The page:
Weekly Newspaper and Travel Guide
for Pecos Country
of West Texas
Tuesday, July 1, 2008
By Peggy McCracken
Pink Western shirts
in a rodeo parade?
Rodeo parades don’t change much from year to year. Every year I think I will stay at my computer typing stories instead of watching the parade. Then I hear the sirens and next thing I know I am on the sidewalk admiring the horses and pretty floats and waving at the riders, many wearing pink shirts to support breast cancer research.
This year was no exception. I wanted to see Wendell Scott riding at the head of the parade as grand marshal, and I did that three times as I walked back to the office from Katie’s. The sirens passed in front of me on Cypress and Oak Streets, and I waited for Wendell’s cowboy entourage to pass before crossing the streets, waving to Gail Box, Karen White, Roger Harrison and others.
Back at the office, I started a feature on Fred Martin, but when the sirens came, I couldn’t resist a peek. Then Diane from The Monahans News invited me to sit in the empty chair next to her, and I was set for the duration.
It was a good parade, longer than most, and moving along without interruption. I got a thrill when I saw George Toone herding his antique John Deere down the street. In case you don’t know George, he is blind, but has driven tractors on the farm all his life. Now he and his new wife, “Sweet Amy,” work together at tractor pulls and other shows. She wasn’t riding with him this time, but he did have a guide dog of sorts sitting beside him.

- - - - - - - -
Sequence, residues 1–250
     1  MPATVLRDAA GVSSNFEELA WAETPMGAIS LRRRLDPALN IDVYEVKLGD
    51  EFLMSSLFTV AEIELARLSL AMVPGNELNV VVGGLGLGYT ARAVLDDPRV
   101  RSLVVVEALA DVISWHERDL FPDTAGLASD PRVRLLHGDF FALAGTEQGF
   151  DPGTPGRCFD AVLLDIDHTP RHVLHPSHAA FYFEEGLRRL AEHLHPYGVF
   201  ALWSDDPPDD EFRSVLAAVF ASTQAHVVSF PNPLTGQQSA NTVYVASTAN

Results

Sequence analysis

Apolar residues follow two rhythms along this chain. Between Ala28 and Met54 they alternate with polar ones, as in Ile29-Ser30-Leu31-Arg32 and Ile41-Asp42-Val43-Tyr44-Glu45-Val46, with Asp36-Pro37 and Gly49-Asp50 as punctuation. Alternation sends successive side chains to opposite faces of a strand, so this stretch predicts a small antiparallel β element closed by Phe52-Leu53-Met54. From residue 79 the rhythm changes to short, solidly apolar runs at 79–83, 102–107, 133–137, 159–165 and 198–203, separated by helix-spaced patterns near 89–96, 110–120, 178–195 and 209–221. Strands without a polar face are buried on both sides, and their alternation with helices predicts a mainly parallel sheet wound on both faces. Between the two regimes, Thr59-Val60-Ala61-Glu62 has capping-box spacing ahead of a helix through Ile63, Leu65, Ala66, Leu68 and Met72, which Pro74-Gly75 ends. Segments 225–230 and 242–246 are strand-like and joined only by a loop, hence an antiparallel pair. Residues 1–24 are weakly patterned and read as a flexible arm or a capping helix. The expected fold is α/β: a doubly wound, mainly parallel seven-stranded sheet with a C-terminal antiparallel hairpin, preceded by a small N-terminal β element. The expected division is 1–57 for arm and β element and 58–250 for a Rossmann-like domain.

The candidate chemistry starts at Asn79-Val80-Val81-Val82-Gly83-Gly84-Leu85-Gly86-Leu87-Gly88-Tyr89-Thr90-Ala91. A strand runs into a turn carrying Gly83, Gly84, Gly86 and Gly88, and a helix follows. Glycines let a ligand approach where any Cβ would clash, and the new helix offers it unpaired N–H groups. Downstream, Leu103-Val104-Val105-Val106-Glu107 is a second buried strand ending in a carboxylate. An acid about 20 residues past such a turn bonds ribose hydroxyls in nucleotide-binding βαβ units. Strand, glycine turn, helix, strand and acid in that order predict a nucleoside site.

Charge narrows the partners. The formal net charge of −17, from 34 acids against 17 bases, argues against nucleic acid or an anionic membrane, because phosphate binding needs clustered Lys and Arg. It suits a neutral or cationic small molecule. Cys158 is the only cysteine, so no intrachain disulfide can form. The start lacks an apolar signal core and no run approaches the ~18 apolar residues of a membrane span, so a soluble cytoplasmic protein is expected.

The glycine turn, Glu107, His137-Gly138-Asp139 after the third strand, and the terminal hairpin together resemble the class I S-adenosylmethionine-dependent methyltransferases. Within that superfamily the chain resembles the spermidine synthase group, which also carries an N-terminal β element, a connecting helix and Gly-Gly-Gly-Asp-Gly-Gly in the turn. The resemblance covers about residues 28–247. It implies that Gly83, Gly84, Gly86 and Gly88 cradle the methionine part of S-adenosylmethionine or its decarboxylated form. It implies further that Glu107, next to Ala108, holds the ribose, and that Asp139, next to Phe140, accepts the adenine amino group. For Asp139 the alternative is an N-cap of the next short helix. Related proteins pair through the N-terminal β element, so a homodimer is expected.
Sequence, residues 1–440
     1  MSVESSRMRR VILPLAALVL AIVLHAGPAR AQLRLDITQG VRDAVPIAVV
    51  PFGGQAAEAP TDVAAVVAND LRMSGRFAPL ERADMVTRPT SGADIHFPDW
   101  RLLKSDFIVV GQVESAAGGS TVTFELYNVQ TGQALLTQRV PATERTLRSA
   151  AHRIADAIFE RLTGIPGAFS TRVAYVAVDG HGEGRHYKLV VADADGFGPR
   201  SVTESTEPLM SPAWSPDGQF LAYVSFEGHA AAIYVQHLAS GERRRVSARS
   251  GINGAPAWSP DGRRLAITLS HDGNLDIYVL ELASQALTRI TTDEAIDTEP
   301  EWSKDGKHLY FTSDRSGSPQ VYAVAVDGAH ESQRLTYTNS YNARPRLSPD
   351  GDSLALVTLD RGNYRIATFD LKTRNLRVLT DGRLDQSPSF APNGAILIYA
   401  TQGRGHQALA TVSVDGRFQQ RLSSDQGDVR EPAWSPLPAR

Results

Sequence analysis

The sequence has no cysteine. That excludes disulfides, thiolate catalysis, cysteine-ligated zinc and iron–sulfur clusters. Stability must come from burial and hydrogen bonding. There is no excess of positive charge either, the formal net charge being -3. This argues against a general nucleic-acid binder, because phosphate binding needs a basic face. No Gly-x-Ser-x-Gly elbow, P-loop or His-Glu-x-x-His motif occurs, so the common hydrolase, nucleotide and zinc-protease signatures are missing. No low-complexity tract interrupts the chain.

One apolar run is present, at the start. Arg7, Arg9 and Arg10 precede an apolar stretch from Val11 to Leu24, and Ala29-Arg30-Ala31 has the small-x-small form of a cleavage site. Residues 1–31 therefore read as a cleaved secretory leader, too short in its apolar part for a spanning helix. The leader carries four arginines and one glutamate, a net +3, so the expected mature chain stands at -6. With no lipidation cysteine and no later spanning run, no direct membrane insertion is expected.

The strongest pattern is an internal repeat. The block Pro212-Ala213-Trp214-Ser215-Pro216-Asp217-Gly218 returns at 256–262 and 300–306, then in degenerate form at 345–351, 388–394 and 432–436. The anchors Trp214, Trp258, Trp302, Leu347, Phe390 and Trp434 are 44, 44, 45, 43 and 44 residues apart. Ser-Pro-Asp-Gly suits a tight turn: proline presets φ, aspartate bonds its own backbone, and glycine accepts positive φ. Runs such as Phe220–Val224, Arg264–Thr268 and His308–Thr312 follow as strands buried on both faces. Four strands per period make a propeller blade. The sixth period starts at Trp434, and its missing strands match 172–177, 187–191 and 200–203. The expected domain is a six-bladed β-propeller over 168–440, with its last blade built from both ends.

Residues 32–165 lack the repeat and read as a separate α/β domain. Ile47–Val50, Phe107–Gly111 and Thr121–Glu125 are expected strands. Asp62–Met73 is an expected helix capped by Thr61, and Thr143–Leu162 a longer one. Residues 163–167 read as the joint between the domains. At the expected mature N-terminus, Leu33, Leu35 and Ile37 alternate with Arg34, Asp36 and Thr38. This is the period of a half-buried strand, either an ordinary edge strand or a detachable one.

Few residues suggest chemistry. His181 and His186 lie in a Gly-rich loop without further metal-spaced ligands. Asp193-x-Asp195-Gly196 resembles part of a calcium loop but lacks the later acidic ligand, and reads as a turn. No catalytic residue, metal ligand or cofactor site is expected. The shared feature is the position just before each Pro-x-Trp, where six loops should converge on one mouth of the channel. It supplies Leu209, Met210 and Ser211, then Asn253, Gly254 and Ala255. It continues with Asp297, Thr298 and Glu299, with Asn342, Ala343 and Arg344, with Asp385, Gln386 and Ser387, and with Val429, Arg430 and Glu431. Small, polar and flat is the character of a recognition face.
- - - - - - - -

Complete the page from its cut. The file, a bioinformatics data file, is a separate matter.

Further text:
Myra Taylor and her two little ones led the Taylor clan in a bright yellow coupe. The whole family dresses in yellow shirts to make a big bright spot in the parade.
I saw several antique cars, but no Brookshires. Their celebration was marred by the sudden death of Weldon and Jeanne’s son-in-law, Edwin Stokes, in Ballinger.
Some of the horses didn’t want to cooperate with their riders. I saw a couple kicking at their nearby neighbors, and one that got completely out of line and headed in the wrong direction. It must be nerve-wracking for a horse used to the peaceful countryside to endure all that noise and activity.
Big trucks, ambulances, Homeland Security vehicles and fire trucks added to the din. Summer sports teams, the school band and churches showed their stuff.
As usual, the folks from Primera Iglesia Bautista had an outstanding float. I didn’t see Chris Sonnen, but I’ll bet she had a lot to do with it. Harlee Lozano walked in front of the First Baptist pickup that advertised their Vacation Bible School, which started Monday.
Bill Cole had his remote KIUN radio unit at the curb, describing all the activity for travelers and stay-at-homes.
I didn’t make it to the oldtimers reunion, but did eat barbecue with a bunch of oldtimers at the Senior Center after the parade.
Accustomed to seeing parade riders again at the rodeo grand entry, I was a little disappointed that a flag ceremony was substituted. Maybe that’s the way it’s done nowadays.
I especially enjoyed the bareback and saddle-bronc events, but left before the steer roping and bull riding. I also missed the wild cow milking, wild mare race and hide race, events featuring local cowboys. Old age has its moments, but late nights are not among them.
“How can I repay the Lord for all His goodness to me?” Psalm 116:12, NIV
EDITOR’S NOTE: Peggy McCracken is Enterprise columnist and feature writer. Contact her at HYPERLINK "mailto:email@example.com" firstname.lastname@example.org
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